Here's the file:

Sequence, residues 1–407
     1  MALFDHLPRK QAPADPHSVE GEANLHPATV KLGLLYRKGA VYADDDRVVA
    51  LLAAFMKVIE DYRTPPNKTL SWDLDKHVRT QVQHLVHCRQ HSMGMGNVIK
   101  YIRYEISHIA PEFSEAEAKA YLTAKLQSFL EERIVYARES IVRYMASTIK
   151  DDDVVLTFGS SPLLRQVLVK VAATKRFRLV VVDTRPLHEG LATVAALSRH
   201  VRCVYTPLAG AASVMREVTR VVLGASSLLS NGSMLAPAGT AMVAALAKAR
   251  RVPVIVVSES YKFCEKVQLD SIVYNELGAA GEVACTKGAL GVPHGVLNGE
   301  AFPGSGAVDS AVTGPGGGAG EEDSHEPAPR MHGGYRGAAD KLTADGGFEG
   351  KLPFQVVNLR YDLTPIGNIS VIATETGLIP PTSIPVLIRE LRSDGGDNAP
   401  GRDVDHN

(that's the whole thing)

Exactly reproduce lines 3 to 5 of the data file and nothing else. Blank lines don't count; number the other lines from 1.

    51  LLAAFMKVIE DYRTPPNKTL SWDLDKHVRT QVQHLVHCRQ HSMGMGNVIK
   101  YIRYEISHIA PEFSEAEAKA YLTAKLQSFL EERIVYARES IVRYMASTIK
   151  DDDVVLTFGS SPLLRQVLVK VAATKRFRLV VVDTRPLHEG LATVAALSRH